There Is No “Sorta” With Sin

During a recent perusal of various Christian blogs on my reading list, I stumbled across this article from Britain on how to deal with the rise of cohabitating couples, many of whom are in long-term partnerships which include shared assets and property, as well as children.

How should the church approach cohabiting couples? Two perspectives

It speaks of the struggles a partner may face, especially the female, if the cohabitees split up.

How should a Christian organisation, devoted to supporting marriage and family life, approach cohabitation? There is a juxtaposition between advocating strongly, and singularly for marriage, and supporting the millions of children in this country whose parents cohabit, and who could be left vulnerable to financial insecurity and homelessness should the relationship break down.

Though the articles purports to be from a Christian/Church perspective, there is no mention of the Biblical prohibition against adultery.  No mention of sin, or of the inevitable consequences of willful sin.  No, it’s all about how to best address the problems of this demographic by both providing for their needs, while gently suggesting that those in married relationships are more stable and secure.  About how we need a more “enlightened” policy with regards to our cohabitating brethren.

We often see questions like this: How should we approach this or that demographic within our church?  How do we “deal” with cohabiting couples, teen promiscuity or alternative lifestyles? More and more as homosexuality becomes mainstream, churches are faced with the same question of how to approach the issue of homosexuality? How do we treat or respond to homosexuals and homosexuality if we want to be seen as a more approachable, enlightened church?

Answer:  We treat them the same as everybody else.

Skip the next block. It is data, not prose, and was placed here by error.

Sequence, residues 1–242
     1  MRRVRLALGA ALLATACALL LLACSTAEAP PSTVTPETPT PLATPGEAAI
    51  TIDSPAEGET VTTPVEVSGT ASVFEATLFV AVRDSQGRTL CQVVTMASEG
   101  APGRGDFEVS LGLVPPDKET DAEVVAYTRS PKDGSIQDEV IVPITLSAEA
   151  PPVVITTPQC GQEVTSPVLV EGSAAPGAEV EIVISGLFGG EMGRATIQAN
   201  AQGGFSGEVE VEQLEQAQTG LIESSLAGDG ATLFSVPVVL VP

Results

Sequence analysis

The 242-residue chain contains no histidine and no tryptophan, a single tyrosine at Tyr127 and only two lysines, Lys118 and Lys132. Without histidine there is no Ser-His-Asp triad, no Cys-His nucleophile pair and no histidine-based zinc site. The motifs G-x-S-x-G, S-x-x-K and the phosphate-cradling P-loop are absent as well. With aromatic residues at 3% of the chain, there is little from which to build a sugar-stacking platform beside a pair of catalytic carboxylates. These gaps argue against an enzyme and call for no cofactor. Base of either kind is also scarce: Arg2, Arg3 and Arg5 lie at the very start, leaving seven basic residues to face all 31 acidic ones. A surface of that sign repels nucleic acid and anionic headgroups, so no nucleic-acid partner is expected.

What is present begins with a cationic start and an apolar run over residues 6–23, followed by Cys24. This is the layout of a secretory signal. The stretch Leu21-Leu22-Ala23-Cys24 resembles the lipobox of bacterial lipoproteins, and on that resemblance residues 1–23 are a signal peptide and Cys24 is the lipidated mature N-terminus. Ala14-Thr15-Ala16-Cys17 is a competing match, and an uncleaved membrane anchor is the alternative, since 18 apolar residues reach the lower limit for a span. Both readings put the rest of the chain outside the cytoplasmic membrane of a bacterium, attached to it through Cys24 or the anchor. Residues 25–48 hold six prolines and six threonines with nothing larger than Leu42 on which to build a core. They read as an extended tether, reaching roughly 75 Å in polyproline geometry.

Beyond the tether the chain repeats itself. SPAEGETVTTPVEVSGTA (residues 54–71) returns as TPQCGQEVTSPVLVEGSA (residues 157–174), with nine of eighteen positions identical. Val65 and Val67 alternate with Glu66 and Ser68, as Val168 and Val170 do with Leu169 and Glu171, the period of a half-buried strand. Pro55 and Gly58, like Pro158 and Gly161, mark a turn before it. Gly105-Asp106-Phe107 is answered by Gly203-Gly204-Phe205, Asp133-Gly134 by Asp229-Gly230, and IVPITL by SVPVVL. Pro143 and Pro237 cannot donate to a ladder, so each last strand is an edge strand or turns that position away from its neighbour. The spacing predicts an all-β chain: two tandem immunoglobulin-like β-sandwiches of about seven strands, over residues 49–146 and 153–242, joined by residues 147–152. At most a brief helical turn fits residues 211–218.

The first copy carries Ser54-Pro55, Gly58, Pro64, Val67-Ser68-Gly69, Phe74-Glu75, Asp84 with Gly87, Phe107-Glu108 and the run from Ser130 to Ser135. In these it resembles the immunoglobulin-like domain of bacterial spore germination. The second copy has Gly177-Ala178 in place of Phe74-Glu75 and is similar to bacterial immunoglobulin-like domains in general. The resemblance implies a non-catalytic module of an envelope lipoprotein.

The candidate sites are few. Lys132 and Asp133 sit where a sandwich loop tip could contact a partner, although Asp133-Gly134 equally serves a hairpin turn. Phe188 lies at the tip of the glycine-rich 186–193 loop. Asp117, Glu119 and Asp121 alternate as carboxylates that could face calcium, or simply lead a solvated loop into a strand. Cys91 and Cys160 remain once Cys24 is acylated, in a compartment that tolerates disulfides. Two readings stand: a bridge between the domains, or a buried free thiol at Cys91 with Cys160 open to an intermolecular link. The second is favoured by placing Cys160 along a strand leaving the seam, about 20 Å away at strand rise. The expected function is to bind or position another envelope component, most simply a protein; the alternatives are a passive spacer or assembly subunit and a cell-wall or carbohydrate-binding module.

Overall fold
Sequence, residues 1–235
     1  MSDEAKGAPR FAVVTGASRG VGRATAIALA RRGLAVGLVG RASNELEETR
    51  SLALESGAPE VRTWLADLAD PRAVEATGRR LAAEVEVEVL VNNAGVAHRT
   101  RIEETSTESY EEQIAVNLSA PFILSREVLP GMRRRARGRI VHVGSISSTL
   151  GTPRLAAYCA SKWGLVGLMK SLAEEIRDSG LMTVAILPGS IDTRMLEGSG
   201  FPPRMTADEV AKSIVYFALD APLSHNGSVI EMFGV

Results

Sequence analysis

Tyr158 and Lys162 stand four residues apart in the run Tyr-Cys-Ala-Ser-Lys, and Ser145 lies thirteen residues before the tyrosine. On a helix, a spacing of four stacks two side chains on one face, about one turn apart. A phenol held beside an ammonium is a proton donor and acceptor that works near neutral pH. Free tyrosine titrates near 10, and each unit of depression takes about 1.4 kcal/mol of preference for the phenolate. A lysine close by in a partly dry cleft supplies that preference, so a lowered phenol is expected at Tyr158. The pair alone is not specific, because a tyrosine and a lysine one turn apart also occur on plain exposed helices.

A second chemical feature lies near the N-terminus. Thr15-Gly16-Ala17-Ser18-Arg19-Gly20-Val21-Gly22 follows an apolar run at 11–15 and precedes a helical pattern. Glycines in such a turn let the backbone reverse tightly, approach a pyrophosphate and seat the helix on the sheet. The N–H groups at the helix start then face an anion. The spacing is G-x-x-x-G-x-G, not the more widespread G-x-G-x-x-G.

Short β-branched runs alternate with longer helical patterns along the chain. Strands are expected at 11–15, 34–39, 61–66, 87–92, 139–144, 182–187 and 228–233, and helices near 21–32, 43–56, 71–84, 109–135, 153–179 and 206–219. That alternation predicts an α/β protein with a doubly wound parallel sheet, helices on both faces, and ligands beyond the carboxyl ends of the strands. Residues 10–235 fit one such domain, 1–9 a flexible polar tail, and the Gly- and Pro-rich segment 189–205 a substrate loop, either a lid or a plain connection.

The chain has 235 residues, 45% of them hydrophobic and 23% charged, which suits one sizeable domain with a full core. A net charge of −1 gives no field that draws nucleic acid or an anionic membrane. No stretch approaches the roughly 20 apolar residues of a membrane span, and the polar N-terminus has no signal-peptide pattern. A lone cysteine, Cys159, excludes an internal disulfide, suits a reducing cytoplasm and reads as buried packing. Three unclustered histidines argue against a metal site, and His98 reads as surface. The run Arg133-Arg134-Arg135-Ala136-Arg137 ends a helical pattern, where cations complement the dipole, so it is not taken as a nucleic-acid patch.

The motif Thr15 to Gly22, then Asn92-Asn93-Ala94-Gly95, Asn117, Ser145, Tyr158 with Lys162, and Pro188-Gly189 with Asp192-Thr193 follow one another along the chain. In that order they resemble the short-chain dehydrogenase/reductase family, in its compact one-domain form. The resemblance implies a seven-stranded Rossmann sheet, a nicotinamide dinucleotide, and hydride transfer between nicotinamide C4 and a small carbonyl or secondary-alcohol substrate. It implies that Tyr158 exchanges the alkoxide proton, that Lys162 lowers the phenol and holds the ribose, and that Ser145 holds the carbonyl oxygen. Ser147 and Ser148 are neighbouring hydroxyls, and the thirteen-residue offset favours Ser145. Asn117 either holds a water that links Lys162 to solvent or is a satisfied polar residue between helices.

There are no special categories of sinners.  With apologies to my Catholic brethren, there aren’t categories of sin. It’s not venial or mortal:  ALL sins are mortal.  It’s an all or nothing relationship. Sin is binary. 0 or 1. On or off. Yes or no. It is, or it isn’t. There is no “sorta” with sin.

So, when viewed in that context, homosexual sin is no different, no better, no worse, no more or less under condemnation than heterosexual sin.  Sin is sin.  We don’t get to ignore the ones that make us uncomfortable.

If I’m a man, chilling at the beach, ogling women in bikinis, I’m in exactly the same category as if I’m man, chilling at the beach, ogling guys in their speedos:  Sinner.

“But I say to you that everyone who looks at a woman{or man} with lustful intent has already committed adultery with her{him} in his heart.” Matt 5:28

If a church is conflicted about how to address the problem of cohabiting couples, teen sex, or homosexuality, then it definitely has a problem; but perhaps a far bigger problem than how to tune their outreach ministries to appeal to these seeker-groups.

It’s actually pretty cut and dried.  Reeeeeal basic.  If you are going to preach the Word, then be true to the Word.   The Bible is full of examples, both metaphorical and actual, of people being forced to choose between what they want, and what the Word of God says is permissible; the two being almost universally at odds.